Username:

Password:

Fargot Password? / Help

Archive for April 2011

Starred Review in Publishers Weekly!

As he did in My Mother the Cheerleader (2007), Sharenow delivers a masterful historical novel that examines racism through the eyes of both children and real historical figures. This story follows aspiring cartoonist Karl, a 14-year-old Jewish boy in 1930s Berlin who is on the receiving end of beatings from his Aryan classmates (Karl’s cartoons and comics appear throughout). His father’s friend, boxing champion Max Schmeling, agrees to train Karl as a boxer so that he can defend himself and his younger sister, Hildy. As the Nazi regime gains power and influence, it becomes clear that Germany will eventually not be safe for Karl and his family. Over the course of a few years, Karl craves the freedom of moving to America, falls in love with his Catholic neighbor, Greta, and meets a cross-dressing homosexual called the Countess, forcing Karl to confront his own prejudices. The assorted plot threads and immersion in the worlds of art and boxing make the novel a bit crowded, but Sharenow’s deft touch with his characters and his portrayal of turbulent prewar Berlin more than compensate. Ages 12–up.

April 5, 2011 Posted by rob in Reviews

A Starred Review in Kirkus for Berlin!

Editor Review (reviewed on April 1, 2011)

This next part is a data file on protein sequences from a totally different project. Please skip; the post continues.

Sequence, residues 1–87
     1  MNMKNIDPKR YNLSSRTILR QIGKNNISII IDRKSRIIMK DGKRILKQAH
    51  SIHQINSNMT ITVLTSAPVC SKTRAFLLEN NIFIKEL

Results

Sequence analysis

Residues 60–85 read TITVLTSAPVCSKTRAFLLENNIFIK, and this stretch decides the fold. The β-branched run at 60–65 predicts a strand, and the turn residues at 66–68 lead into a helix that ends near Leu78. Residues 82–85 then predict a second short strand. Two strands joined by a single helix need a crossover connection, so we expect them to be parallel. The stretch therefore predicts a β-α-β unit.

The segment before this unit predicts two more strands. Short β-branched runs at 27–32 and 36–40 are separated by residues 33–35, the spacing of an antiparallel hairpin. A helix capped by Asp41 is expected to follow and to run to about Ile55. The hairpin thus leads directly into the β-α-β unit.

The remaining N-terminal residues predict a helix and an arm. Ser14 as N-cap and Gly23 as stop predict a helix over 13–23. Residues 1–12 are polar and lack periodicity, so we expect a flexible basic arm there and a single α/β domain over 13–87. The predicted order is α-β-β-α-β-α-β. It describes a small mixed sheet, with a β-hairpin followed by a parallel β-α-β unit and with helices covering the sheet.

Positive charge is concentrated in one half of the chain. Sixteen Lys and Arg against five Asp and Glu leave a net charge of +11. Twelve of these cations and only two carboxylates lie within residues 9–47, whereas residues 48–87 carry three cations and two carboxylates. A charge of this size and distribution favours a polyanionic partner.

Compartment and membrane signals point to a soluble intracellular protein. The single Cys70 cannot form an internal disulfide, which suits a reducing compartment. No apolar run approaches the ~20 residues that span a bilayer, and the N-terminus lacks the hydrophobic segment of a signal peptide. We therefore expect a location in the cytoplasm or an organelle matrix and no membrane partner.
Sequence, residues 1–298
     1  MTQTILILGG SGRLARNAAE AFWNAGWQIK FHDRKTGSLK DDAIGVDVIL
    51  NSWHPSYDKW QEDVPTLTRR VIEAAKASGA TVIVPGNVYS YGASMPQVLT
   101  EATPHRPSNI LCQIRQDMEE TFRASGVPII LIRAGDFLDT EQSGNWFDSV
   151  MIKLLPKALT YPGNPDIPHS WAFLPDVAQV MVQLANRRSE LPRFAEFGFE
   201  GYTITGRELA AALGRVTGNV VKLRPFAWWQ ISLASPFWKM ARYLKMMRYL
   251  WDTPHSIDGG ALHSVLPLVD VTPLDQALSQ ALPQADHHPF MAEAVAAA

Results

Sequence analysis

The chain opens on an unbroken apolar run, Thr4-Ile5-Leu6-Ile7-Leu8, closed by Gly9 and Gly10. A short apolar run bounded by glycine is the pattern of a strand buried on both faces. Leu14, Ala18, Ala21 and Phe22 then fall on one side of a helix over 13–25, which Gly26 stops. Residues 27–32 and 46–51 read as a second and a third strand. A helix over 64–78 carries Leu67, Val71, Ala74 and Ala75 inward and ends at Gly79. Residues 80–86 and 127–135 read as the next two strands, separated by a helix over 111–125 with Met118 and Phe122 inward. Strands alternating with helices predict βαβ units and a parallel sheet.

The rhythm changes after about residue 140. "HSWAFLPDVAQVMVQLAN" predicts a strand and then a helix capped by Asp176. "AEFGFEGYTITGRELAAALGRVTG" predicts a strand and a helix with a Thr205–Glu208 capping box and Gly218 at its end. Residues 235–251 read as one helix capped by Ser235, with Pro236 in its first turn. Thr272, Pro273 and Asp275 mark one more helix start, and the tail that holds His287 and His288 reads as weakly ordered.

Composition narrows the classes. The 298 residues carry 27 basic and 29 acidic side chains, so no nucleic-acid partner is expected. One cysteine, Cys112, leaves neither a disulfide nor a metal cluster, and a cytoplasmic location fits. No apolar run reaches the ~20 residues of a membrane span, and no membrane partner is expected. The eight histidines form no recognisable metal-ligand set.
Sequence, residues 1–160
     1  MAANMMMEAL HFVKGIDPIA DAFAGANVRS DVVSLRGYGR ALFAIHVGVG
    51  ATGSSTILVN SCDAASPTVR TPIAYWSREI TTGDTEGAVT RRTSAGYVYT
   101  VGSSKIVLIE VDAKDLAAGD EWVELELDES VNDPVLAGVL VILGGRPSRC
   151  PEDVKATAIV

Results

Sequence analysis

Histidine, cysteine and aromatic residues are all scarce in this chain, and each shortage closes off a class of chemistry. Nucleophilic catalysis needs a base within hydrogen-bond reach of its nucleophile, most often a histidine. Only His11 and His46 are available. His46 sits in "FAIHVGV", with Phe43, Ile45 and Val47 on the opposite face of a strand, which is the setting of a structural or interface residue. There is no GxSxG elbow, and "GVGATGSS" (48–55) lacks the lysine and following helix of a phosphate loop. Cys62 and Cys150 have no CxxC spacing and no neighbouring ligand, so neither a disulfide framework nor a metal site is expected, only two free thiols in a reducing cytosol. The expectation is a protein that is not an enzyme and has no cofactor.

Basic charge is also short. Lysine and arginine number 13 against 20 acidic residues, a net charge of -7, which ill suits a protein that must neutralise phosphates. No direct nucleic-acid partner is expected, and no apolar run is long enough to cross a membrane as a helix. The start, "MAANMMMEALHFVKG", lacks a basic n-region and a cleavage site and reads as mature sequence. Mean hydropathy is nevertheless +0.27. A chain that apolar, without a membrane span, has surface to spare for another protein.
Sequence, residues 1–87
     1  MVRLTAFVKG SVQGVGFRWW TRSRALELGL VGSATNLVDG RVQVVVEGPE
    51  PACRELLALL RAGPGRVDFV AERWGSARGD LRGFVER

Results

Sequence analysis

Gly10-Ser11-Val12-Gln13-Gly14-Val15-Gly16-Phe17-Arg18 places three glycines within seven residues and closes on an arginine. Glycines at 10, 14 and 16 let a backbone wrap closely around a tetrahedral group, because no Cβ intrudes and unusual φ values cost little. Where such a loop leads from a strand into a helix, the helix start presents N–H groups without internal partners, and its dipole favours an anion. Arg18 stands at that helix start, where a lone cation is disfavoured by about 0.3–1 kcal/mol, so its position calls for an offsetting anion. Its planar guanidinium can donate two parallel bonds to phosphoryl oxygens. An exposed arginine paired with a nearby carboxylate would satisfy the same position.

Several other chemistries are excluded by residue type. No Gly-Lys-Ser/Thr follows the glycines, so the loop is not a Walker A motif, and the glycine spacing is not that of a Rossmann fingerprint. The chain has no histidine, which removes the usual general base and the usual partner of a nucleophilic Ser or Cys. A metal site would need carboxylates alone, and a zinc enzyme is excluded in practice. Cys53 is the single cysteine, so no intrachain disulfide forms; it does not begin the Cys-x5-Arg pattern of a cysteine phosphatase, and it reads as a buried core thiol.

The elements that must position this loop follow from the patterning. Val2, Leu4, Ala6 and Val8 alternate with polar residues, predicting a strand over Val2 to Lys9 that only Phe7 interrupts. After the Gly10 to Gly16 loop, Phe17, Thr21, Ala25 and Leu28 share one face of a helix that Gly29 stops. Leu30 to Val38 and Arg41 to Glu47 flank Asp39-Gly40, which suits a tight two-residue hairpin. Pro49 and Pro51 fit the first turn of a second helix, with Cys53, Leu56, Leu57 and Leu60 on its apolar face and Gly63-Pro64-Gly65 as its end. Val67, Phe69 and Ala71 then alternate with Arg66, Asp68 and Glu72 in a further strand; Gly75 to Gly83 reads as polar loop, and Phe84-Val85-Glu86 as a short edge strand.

The historically freighted match between Joe Louis and Max Schmeling forms the backdrop for this compelling coming-of-age novel. Fourteen-year-old Karl Stern has never considered himself Jewish. His father is an atheist, his mother an agnostic. He grew up in a secular household, has no religious background and even has a religiously neutral name. But in 1934 Berlin, with the rise of the Nazis and the newly entitled bullies at school, Karl is Jewish. He gets beaten up and, eventually, expelled from school. Enter Max Schmeling, heavyweight champion of the world, who offers Karl boxing lessons in exchange for a portrait from Mr. Stern’s art gallery. Karl’s journey to manhood, from 1934 to 1938, is a rough one for a Jewish boy in Nazi Germany, but Sharenow weaves a colorful tale from the cultural context of the mid-1930s: the Holocaust, Kristallnacht, degenerate art, Joe Louis, Jesse Owens, Picasso and Matisse. Besides being an up-and-coming boxer, Karl is a cartoonist, and his cartoons and drawings add visual depth to the novel, effectively delineating Karl’s growing sense of himself and his purpose, inspired by his beloved Action Comics hero, Superman. A brief author’s note continues the story beyond 1938, relating the postwar friendship between Schmeling and Joe Louis. A fine one-two punch with the author’s previous powerful work, My Mother the Cheerleader (2007). (sources) (Historical fiction. 12 & up)